Degree Type


Date of Award


Degree Name

Doctor of Philosophy


Agricultural Education and Studies

First Advisor

Robert A. Martin

Second Advisor

Harold Crawford

Third Advisor

Lynn B. Jones


Livestock production in the United States yields large quantities of livestock waste annually. The North Central region of the United States produces a variety of livestock including swine, cattle and poultry. Livestock waste is a rich source of plant nutrients and organic matter. The environmental risks of pollution associated with livestock waste raises major concerns of agricultural educators, researchers and policy makers. Best management practices have been developed for livestock waste management. There is limited research information regarding livestock waste management education.;The purpose of this study was to identify the perceptions of county extension educators in the North Central region of the United Sates regarding livestock waste management education and its related educational processes.;This study was descriptive and used survey questionnaires to gather research information. A simple random sampling technique was used to draw 360 county extension educators form the North Central region to participate in the study. The findings of this study were based on 201 completed survey questionnaires and generalized over the study population based on controlling non-response error.;This study revealed that county extension educators in the North Central region were predominantly middle-aged males with master's degrees. County extension educators in this study maintained that livestock waste management was a controversial issue and meant different things to different people. Overall, county extension educators indicated positive perceptions regarding livestock waste management; livestock waste management education and the effectiveness of teaching methods used in livestock waste management education. County extension educators were varied in their perceptions regarding the extent to which they used selected teaching methods, teaching tools and the effectiveness of teaching tools.;County extension educators frequently used the educational methods and tools of discussion, lecture-discussion, demonstrations, individualized instruction, field days; newsletters and print/broadcast media. County extension educators indicated that discussions, lecture-discussion, demonstrations, individualized instruction, field days, meetings, problem solving, small-group work, case studies, workshops, computers and the Internet are effective educational methods and tools, but some of which were not used extensively.;Correlations between demographic characteristics and perceptions were negligible to low with a few moderate to very high. The study's findings contributed to the potential redesign of the behavioral intention model based on Ajzen and Fishbein (1980) and Ajzen (1988).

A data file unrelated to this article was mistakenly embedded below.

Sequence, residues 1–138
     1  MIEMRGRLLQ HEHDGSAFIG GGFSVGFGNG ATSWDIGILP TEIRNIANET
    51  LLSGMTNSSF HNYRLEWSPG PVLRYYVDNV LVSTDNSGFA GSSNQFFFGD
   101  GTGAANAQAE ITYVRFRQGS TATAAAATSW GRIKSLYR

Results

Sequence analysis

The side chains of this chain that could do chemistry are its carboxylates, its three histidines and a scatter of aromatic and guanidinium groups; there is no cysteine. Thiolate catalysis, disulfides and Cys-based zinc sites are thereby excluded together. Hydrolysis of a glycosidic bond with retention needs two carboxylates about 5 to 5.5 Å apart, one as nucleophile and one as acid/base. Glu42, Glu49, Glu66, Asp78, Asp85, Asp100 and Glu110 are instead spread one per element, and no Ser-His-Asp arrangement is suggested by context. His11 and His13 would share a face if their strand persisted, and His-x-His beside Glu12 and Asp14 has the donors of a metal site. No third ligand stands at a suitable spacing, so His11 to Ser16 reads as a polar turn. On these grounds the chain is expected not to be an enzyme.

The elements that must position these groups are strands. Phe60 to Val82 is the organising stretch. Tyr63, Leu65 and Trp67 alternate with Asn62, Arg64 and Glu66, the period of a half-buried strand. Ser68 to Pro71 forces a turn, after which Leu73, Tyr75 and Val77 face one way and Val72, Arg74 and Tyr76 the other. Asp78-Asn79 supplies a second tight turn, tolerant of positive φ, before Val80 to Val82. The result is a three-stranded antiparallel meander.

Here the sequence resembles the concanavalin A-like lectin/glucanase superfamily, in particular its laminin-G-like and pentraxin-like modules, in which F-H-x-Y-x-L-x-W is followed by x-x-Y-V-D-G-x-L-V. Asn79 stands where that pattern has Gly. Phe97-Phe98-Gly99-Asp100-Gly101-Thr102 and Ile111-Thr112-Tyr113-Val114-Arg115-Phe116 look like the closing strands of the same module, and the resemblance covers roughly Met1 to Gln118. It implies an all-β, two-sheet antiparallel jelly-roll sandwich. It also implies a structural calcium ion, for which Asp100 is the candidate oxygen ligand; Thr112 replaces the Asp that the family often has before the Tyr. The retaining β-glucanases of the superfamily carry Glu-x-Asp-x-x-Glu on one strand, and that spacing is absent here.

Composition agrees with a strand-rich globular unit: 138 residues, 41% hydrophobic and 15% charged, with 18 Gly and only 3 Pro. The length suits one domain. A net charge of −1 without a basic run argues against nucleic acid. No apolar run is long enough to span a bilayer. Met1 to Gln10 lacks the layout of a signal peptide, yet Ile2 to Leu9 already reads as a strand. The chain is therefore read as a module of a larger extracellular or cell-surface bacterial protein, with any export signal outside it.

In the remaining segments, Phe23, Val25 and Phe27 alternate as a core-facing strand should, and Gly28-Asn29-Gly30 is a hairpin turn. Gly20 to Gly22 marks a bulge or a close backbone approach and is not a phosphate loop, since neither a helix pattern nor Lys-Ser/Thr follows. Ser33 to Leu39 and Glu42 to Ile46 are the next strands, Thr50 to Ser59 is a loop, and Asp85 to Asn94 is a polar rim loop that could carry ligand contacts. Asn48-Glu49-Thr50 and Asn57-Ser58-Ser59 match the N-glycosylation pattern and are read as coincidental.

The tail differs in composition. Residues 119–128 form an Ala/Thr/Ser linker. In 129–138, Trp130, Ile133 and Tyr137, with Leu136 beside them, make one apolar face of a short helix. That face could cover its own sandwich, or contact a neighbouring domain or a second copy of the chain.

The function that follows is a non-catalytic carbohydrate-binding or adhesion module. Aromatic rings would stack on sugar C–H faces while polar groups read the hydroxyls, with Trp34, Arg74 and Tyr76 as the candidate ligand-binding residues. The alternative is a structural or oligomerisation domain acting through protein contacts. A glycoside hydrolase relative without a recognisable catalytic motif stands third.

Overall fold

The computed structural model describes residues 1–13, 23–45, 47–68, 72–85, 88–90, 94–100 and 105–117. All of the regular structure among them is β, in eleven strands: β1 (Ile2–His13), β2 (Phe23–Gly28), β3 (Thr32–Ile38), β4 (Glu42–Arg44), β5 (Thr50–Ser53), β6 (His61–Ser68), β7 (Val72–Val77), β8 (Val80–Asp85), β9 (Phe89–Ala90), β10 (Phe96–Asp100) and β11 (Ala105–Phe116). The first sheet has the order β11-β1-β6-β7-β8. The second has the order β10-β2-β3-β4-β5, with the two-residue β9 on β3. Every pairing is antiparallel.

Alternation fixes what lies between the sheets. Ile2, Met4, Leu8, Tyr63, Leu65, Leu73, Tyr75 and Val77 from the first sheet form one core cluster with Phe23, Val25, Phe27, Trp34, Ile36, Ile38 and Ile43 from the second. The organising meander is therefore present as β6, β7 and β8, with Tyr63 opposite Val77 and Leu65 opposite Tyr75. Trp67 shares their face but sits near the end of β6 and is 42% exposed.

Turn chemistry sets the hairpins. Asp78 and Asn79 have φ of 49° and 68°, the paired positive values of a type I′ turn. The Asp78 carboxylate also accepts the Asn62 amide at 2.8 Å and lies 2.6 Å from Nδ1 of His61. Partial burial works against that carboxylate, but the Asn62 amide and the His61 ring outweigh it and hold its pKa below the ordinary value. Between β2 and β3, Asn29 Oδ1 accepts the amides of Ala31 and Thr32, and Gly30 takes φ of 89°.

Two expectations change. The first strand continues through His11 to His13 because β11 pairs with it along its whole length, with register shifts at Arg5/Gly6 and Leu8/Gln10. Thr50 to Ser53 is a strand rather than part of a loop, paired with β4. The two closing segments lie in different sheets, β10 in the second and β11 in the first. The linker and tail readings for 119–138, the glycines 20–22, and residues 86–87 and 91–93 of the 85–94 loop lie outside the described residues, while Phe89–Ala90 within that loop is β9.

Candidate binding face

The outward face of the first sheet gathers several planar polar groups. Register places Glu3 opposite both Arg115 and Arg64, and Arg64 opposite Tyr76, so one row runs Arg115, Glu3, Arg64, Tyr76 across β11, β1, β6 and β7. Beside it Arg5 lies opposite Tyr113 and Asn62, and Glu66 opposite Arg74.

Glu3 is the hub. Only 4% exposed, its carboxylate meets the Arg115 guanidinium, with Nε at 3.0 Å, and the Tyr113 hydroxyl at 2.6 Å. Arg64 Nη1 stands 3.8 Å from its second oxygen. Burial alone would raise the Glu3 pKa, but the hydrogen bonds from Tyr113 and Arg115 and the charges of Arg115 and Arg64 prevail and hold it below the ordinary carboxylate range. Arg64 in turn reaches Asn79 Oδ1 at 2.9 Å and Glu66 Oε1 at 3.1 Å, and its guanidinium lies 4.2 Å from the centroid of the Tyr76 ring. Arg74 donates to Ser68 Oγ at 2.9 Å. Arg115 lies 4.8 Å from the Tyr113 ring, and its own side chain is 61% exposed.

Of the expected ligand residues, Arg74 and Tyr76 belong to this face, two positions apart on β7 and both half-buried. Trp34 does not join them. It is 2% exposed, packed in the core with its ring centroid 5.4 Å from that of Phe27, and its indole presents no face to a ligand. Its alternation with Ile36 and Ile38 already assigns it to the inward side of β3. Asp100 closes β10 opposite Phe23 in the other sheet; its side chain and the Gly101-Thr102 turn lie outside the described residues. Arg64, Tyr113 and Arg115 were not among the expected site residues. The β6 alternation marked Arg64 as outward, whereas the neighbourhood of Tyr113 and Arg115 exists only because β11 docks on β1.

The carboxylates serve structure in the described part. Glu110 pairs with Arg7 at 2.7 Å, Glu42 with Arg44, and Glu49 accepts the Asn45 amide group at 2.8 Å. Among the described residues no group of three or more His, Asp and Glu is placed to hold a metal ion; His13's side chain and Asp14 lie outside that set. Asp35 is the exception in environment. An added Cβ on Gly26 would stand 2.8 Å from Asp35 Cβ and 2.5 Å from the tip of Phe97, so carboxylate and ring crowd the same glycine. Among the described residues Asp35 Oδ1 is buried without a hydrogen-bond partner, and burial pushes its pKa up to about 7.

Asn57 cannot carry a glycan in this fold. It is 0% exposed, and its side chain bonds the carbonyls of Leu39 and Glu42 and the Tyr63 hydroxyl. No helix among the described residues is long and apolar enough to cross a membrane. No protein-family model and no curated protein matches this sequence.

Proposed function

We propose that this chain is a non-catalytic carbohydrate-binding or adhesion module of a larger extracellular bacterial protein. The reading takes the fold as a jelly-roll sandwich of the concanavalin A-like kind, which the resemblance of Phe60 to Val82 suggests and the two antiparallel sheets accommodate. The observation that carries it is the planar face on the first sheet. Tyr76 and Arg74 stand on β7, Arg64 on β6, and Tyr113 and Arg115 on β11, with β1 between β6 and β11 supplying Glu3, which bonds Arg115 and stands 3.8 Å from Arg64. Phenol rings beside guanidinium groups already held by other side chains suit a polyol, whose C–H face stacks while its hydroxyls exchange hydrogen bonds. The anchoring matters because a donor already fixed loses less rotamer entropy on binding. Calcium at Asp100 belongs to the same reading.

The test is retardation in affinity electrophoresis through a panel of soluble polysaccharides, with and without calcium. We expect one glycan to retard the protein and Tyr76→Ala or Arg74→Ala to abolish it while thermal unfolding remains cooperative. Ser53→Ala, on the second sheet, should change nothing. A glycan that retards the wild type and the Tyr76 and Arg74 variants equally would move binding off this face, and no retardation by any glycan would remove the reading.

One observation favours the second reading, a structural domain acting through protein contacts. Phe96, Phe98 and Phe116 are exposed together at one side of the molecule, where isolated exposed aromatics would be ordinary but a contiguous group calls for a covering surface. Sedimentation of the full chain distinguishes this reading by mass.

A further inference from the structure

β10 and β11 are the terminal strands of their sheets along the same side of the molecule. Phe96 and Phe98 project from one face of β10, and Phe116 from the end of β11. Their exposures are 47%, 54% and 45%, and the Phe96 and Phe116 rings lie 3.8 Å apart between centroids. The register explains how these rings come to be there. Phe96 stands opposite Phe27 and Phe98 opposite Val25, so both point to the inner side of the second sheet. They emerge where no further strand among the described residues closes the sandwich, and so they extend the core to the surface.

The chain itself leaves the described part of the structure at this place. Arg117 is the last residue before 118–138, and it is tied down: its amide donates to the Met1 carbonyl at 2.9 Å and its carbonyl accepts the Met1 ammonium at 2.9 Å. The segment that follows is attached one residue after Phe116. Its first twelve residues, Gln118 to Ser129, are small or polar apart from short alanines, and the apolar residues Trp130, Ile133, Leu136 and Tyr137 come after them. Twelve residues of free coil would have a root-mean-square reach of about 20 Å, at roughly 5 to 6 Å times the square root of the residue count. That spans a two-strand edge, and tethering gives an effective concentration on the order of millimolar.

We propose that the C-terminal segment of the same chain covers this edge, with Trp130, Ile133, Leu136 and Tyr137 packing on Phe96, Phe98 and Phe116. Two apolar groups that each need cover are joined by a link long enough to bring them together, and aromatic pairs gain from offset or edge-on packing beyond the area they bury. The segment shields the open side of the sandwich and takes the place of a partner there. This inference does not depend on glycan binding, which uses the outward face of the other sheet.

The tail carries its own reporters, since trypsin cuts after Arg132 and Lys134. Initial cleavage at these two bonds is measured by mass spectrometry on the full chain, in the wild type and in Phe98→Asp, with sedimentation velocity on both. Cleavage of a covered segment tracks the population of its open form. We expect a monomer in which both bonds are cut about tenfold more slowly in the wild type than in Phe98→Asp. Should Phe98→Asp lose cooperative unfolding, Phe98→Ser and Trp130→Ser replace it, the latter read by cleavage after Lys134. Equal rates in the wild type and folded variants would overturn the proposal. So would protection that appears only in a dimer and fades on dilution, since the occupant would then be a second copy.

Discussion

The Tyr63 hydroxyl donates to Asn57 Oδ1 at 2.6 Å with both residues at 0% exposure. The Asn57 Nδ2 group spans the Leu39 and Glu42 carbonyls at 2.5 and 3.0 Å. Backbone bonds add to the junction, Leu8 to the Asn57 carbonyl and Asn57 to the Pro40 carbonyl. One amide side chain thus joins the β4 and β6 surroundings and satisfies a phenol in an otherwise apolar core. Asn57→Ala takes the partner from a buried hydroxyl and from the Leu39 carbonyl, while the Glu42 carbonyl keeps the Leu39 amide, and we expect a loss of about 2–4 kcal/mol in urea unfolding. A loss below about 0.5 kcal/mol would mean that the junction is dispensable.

Digital Repository @ Iowa State University,

Copyright Owner

David Kwaw-Mensah



Proquest ID


OCLC Number




File Format


File Size

152 pages